AS205869, AS57166: Featured Hijacker of the Month, July, 2018
Ronald F. Guilmette
rfg at tristatelogic.com
Tue Jul 24 19:01:56 UTC 2018
In message <20180724.090316.47077931.sthaug at nethelp.no>,
sthaug at nethelp.no wrote:
>All prefixes still visible here (Oslo, Norway), through HE. Here's your
>original table augmented with the AS paths I see on our border routers:
>ASN Route AS path
>10510 188.8.131.52/18 6939 205869 32226 10510
>10737 184.108.40.206/20 6939 205869 7827 10737
>10800 220.127.116.11/19 6939 205869 11717 10800
>19529 18.104.22.168/20 6939 205869 11324 19529
>19529 22.214.171.124/20 6939 205869 7827 19529
>19529 126.96.36.199/20 6939 205869 7827 19529
>19529 188.8.131.52/20 6939 205869 11324 19529
>30237 184.108.40.206/20 6939 205869 11717 30237
>30237 220.127.116.11/20 6939 205869 11717 30237
>30237 18.104.22.168/20 6939 205869 11717 30237
>30237 22.214.171.124/20 6939 205869 11717 30237
Thanks for checking this. I gather from the other posts in this thread
that this has already been rectified, and that the above CIDRs are no
longer reachable via HE.NET, correct?
Even if that's the case, I'm still left scratching my head. There's a
bit of a mystery here, or at least something that I don't quite understand.
(NOTE: I've never laid claim to being anything like an "expert" when it
comes to all this routing stuff. I just muddle along and try to do the
best I can with the limited knowledge and understanding that I have.)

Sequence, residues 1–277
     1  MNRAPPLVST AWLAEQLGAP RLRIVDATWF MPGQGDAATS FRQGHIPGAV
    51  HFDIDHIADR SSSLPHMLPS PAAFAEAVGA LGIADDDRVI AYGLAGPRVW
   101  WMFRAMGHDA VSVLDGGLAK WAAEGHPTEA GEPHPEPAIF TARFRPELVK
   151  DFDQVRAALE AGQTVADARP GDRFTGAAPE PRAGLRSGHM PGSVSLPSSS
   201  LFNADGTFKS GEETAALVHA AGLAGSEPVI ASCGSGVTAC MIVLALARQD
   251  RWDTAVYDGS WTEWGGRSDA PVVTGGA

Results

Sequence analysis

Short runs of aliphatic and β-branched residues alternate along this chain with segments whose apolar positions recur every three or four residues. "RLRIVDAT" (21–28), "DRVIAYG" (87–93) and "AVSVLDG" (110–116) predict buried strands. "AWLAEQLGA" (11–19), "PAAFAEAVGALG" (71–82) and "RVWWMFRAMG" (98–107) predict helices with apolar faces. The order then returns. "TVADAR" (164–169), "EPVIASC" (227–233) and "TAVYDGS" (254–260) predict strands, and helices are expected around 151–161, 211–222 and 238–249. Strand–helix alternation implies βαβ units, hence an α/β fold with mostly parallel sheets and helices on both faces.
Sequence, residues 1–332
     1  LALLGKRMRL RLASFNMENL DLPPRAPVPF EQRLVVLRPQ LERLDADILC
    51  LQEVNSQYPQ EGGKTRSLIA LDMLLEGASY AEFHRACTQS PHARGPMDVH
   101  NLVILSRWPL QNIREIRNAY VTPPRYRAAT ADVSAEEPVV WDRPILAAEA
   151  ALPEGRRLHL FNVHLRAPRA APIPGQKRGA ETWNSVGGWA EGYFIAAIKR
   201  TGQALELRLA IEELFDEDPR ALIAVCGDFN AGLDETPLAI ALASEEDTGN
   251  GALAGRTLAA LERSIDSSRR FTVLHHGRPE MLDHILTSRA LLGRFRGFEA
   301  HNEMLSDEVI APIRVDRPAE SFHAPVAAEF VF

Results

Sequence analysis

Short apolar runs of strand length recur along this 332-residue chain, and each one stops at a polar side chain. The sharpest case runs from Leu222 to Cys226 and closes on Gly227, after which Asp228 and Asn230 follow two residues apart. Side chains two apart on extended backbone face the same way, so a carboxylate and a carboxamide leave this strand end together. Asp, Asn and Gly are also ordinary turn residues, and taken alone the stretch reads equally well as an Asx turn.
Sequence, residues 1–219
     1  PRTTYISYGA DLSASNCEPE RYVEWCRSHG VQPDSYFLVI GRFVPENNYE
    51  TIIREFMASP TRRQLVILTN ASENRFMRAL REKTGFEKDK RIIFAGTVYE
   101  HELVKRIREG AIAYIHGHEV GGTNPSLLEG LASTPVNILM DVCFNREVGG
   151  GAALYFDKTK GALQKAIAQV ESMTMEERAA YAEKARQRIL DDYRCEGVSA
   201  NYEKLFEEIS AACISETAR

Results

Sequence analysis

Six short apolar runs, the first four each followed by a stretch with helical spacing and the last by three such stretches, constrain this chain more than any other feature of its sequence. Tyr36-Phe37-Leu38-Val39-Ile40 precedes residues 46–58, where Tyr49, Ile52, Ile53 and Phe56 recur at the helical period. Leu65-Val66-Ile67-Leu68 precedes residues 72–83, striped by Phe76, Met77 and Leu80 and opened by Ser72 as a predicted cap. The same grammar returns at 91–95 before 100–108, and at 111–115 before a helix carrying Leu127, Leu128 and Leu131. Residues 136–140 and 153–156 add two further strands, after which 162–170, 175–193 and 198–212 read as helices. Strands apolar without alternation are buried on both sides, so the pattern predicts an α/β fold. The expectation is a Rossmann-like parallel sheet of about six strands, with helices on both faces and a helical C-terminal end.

So, here's what's perplexing me. You reported that all eleven of the
routes in the table above had AS paths that directly connected
Universal IP Solution Corp. (AS205869) to Hurricane Electric (AS6939).
And yet, when I looked at the following page, both yesterday and today,
I see no reported connection between those two ASNs:
I already knew before now that each of the alleged peerings reported on
similar pages on the bgp.he.net web site had to be taken with a grain of
salt, mostly or entirely because of the kinds of hanky panky and path
forgery being undertaken by various bad guys. In at least some cases,
these screwy games appear to have caused bgp.he.net to list peerings that
didn't actually exist.
But this is a rather entirely different case. In this case, it seems
that one very notable peering that -did- in fact exist, between AS205869
and AS6939, was not reported at all on the bgp.he.net page linked to above.
To be clear, I most definitely am *not* suggeting any sort of deliberate
obfsucation here, on anybody's part. Rather, I just suspect that some
of the algorithms that are used to produce the peers lists on bgp.he.net
could use some... ah... fine tuning. It certainly seems to be true that
in this case, one very important peering was utterly missed by the algorithms
that power bgp.he.net.
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